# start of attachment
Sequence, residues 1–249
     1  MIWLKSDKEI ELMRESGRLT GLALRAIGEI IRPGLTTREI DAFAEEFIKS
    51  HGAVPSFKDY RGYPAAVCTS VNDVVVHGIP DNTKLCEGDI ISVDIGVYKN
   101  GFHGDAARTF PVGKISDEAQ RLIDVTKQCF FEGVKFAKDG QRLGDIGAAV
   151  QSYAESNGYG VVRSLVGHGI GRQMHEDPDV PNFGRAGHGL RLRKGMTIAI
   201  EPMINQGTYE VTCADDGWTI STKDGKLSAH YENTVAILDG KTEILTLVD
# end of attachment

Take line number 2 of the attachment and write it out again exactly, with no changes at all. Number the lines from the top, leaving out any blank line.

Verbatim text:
     1  MIWLKSDKEI ELMRESGRLT GLALRAIGEI IRPGLTTREI DAFAEEFIKS